• Empowering women through health care and patient education

    Read More
  • Dr Marcia Bonazzi and her team are privileged to have helped deliver over 10,000 babies over 27 years of obstetric practice

    Read More
  • Experience the joy of motherhood

    Read More
  • MonaLisa Touch - a breakthrough in the non-hormonal treatment of perimenopausal symptoms

    Read More
  • Personalised care throughout pregnancy and beyond

    Read More

HPV Screening Test

Since 1st December 2017 the standard Pap test has been replaced by more accurate Cervical Screening Test by The Australian Government Department of Health. Pap tests were recommended every two years when the results were normal and part of the good news about the Cervical Screening Test is that with normal results repeat is recommended every five years.

Pap smears tested for changed or abnormal cells in a sample taken from the cervix.  The Cervical Screening Test uses new and improved technology and lab testing to make the results more accurate.  A swab is also taken, but instead of testing for abnormal cells, the Cervical Screening Test detects the human papillomavirus (more commonly known as HPV), which is the cause of abnormal cells.  As this means detecting changes even sooner than the Pap test used to, it is more sensitive to change and more accurate, so the interval between tests can be significantly longer – five years instead of two.  Also, instead of beginning at 18 years of age as Pap smear used to, it is recommended that the Cervical Screening Test is done from 25 to 69 years of age, with women aged 70 to 74 being invited to have a final “exit test”.

Abnormal cells

Abnormal cells can indicate changes that may lead to the development of serious medical conditions such as cervical cancer.  When caught early, these changes can be treated to prevent their development into cancer.  This is why regular screening is so important.

An abnormal screening result can also indicate the presence of infection or abnormal cells called dysplasia, which does not necessarily denote cancer.

Abnormal cellular changes sometimes resolve on their own, so your doctor will often ask you to have a repeat test in 6 or 12 months to look at whether changes have resolved, remained the same, or developed further.  If the changes have not resolved after a period of time, or if they have developed, your doctor will most likely suggest that you undergo further investigation such as Colposcopy and/or treatment to remove the abnormal cells.

Causes of Abnormal results

An abnormal result in your Cervical Screening Test may indicate the presence of one or more of the following:

  • An infection or an inflammation
  • Herpes
  • Trichomoniasis
  • Dysplasia (abnormal cells that may be pre-cancerous)
  • HPV (Human Papilloma Virus) infection

HPV

HPV is an asymptomatic sexually transmitted virus, very common in sexually active men and women.  It is estimated that up to 80% of sexually active men and women will contract genital HPV at some point in their lives.  Whilst usually harmless and asymptomatic, HPV can lead to cervical cellular changes that can then lead to cancer.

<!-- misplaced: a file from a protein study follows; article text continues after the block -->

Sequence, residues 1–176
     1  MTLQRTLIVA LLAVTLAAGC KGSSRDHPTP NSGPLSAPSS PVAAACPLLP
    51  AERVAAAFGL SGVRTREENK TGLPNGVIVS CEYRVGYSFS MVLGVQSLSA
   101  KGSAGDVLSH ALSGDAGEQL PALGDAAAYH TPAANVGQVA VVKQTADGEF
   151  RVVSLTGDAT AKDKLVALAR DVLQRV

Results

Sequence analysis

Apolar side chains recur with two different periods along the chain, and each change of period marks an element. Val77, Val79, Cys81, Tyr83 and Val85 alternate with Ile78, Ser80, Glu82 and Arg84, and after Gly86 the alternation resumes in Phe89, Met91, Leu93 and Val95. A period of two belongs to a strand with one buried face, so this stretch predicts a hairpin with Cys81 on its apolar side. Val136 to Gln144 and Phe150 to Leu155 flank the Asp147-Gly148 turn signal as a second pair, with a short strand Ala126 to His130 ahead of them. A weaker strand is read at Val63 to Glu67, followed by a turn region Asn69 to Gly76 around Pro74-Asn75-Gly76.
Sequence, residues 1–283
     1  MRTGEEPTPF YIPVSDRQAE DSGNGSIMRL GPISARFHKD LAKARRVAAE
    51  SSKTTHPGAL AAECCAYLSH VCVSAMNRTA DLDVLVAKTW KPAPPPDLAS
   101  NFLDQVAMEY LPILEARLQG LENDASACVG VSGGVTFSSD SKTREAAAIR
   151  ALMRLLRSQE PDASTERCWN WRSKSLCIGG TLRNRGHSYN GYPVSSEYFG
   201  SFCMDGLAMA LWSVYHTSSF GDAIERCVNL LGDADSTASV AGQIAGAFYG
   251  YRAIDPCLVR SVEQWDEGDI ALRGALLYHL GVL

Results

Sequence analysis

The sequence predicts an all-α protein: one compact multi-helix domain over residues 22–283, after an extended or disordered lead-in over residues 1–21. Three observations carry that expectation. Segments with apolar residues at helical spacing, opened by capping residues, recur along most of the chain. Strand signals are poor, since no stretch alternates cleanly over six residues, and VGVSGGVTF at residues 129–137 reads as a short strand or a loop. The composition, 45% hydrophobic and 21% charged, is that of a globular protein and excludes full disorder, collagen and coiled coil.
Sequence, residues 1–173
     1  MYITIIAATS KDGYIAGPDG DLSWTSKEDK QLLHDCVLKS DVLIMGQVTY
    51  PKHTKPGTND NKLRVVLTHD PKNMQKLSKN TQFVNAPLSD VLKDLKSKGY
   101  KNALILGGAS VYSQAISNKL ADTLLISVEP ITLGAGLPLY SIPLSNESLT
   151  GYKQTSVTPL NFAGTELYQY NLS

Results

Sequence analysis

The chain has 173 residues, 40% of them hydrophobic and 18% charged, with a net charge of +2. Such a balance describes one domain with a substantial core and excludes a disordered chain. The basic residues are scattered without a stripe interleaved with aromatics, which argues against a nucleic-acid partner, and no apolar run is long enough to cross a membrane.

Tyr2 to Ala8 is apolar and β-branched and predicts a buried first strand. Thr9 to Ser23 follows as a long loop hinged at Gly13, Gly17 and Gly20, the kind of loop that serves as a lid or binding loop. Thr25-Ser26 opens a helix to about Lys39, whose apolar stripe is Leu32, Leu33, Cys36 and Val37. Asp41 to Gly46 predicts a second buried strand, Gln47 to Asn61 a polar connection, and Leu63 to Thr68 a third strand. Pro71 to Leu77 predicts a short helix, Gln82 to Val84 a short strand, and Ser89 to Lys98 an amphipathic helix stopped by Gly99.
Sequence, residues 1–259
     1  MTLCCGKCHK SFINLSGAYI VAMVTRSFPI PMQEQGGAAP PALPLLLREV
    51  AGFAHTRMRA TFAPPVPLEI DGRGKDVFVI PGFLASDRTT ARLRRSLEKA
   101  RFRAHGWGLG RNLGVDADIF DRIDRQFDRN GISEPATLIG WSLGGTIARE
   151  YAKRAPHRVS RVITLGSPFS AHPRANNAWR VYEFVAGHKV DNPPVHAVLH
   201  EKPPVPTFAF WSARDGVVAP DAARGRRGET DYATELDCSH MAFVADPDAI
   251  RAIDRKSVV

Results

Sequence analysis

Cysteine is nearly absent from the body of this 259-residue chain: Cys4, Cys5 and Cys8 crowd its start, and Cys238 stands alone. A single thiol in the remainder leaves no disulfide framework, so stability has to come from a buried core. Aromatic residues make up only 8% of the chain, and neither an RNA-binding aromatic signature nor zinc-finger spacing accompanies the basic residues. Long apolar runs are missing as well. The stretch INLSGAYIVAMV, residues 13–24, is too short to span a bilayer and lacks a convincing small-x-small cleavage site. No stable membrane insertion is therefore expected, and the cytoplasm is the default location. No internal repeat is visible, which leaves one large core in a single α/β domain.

Symptoms

Usually cervical cellular abnormalities and their root cause do not present symptomatically, which is why screening is so important.  However, in some cases there may be detectable symptoms, so if you experience any of the following it is worth visiting your GP or gynaecologist for investigation.

  • Abnormal discharge from the vagina, such as change in the amount, colour, odour or texture
  • Abnormal sensations such as pain, burning or itching in the pelvic or genital area during urination or sex
  • Sores, lumps, blisters, rashes or warts on or around the genitals

Treatment

Following an abnormal screening test result, the next step is further testing to confirm the cause of the abnormal cells. A repeat Cervical Screening Test and Colposcopy are all means for confirmation of abnormal cell changes.

Once changes are confirmed, treatment options are available and depend on the stage of change as well as the specific type of abnormal cells.  Some options include the following:

  • Cryosurgery: This involves freezing the abnormal cells which are then surgically removed.
  • Cone biopsy or LEEP procedure: In this procedure, a triangular segment of cervical tissue, including the abnormal cells, is removed by specially designed instrument.

Following all kinds of treatment, a repeat screening will be performed to ensure that the abnormal cells were removed entirely and you will be monitored closely for a period of time to ensure that they do not return.  If there are still abnormal cells after treatment, or if the changes return, further treatment will be discussed with your doctor.

Abnormal screening test during pregnancy

A Cervical Screening Test during pregnancy is very safe.  In case of an abnormal result, a Colposcopy can be performed, too.  However, further treatments are delayed until the birth of the baby.  Oftentimes the birth process washes away the abnormal cervical cells.

If Dr Marcia Bonazzi is your obstetrician, she will perform a Cervical Screening Test regardless of previous screening results at your post-natal appointment, approximately six weeks after the birth of your baby.

Contact Us

Medical advice will not be given over email.





captcha

X

Tell a Friend

captcha